“Or maybe she became so familiar with the elements of her plot that she neglected the obvious: the reader is not.” -- Steve Almond in This Won’t Take But a Minute, Honey.I read a number of unpublished stories lately that didn’t provide sufficient information for me to get involved enough with the characters or the plot to care about what happened (assuming something did). I was left wondering what the heck was going on. The author presented a riddle without enough clues for me to figure the story out.
Sometimes this may occur because we authors are so involved with the characters and plot that everything is perfectly clear in our minds, and we forget the reader doesn't know what we know. On the opposite end of the spectrum is the author who knows little more about a character than the reader does.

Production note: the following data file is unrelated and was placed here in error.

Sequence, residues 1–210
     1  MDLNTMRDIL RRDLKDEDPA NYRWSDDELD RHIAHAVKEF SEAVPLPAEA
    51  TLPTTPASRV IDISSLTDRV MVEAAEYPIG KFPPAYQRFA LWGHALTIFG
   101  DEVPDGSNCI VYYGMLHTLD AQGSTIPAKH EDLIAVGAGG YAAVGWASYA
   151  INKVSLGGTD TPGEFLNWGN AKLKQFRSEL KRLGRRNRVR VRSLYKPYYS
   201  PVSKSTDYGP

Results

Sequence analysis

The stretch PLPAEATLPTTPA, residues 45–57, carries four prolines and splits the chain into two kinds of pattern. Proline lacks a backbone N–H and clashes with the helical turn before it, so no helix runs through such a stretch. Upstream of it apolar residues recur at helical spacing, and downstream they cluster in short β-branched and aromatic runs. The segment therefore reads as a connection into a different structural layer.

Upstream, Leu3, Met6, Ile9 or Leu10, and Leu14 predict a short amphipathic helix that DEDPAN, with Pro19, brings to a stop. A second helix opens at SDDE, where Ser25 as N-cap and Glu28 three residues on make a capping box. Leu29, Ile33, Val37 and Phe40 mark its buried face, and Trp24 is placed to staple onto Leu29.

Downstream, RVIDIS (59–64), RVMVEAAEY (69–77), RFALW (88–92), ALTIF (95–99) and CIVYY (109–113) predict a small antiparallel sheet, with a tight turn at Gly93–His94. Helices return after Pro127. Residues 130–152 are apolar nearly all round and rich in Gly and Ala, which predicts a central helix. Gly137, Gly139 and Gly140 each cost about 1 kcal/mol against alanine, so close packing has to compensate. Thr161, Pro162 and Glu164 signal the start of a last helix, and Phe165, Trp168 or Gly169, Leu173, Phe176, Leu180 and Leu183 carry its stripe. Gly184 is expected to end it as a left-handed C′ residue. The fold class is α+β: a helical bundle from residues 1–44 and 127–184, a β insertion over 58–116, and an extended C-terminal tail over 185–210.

Mr. Almond, in a separate article, advised authors to not withhold information known by their characters. This makes sense. Writing is not a game of stump the reader. It’s a sharing of the experiences, feelings, and opinions of our characters. This can't happen if we don't participate openly with our partner in the story--the reader.